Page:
The body of the human animal is astoundingly complex. There are, for example, about one hundred trillion cells, plus one thousand trillion micro-organisms, in each of us. This micro-universe more or less behaves as a unity, which is another miracle. Most of us think, it seems, in terms of being a personal self, as if we were truly single individuals.
Each of us could, theoretically, behave as an isolated creature, grubbing around for food, maybe occasionally mating as mindlessly as we foraged and fed. We could each be a castaway on the endless ocean of meaninglessness.
Yet we seek out other human multicellulars and try to communicate. The extraordinary fact is that some communication does occur. We are even surprised to encounter diversity, as if we might expect unanimity merely because we are the same species. There is a certain degree of community achieved, sometimes aspiring to the dizzy heights of civilisation. We ought to celebrate our fragile, spasmodic, appearance of oneness.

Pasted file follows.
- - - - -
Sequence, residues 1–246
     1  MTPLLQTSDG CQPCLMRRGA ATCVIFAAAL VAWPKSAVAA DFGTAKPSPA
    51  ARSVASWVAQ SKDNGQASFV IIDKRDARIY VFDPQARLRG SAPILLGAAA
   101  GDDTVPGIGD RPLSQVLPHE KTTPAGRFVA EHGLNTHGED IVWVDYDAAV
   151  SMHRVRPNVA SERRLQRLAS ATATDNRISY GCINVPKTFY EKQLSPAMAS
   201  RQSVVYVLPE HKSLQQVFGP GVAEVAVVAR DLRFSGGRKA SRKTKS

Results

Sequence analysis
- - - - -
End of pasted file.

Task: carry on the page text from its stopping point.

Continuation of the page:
These essays consist of explorations of the interactions between about twenty humans who are well-known to the author and who, collectively, form his mini-community of close friends. Names are invented and most of the encounters are semi-imaginary.
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Published by Fisher King Publishing